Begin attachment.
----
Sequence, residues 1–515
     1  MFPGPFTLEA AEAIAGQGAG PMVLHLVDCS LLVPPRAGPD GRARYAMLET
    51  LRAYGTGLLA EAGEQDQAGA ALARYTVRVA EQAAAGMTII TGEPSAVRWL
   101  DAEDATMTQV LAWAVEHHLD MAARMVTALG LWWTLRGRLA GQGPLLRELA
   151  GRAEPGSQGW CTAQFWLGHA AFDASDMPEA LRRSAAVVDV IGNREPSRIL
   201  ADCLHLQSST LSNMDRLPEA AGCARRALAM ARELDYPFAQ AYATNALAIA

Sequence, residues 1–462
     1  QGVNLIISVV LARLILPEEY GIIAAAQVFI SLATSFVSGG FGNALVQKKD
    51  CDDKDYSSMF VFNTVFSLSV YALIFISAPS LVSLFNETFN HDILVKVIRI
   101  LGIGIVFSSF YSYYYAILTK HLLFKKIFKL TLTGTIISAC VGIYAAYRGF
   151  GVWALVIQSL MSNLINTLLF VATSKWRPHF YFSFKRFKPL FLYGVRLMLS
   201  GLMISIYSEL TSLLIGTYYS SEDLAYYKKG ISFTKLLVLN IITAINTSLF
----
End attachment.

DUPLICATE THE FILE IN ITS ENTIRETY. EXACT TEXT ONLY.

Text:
Sequence, residues 1–515
     1  MFPGPFTLEA AEAIAGQGAG PMVLHLVDCS LLVPPRAGPD GRARYAMLET
    51  LRAYGTGLLA EAGEQDQAGA ALARYTVRVA EQAAAGMTII TGEPSAVRWL
   101  DAEDATMTQV LAWAVEHHLD MAARMVTALG LWWTLRGRLA GQGPLLRELA
   151  GRAEPGSQGW CTAQFWLGHA AFDASDMPEA LRRSAAVVDV IGNREPSRIL
   201  ADCLHLQSST LSNMDRLPEA AGCARRALAM ARELDYPFAQ AYATNALAIA

Sequence, residues 1–462
     1  QGVNLIISVV LARLILPEEY GIIAAAQVFI SLATSFVSGG FGNALVQKKD
    51  CDDKDYSSMF VFNTVFSLSV YALIFISAPS LVSLFNETFN HDILVKVIRI
   101  LGIGIVFSSF YSYYYAILTK HLLFKKIFKL TLTGTIISAC VGIYAAYRGF
   151  GVWALVIQSL MSNLINTLLF VATSKWRPHF YFSFKRFKPL FLYGVRLMLS
   201  GLMISIYSEL TSLLIGTYYS SEDLAYYKKG ISFTKLLVLN IITAINTSLF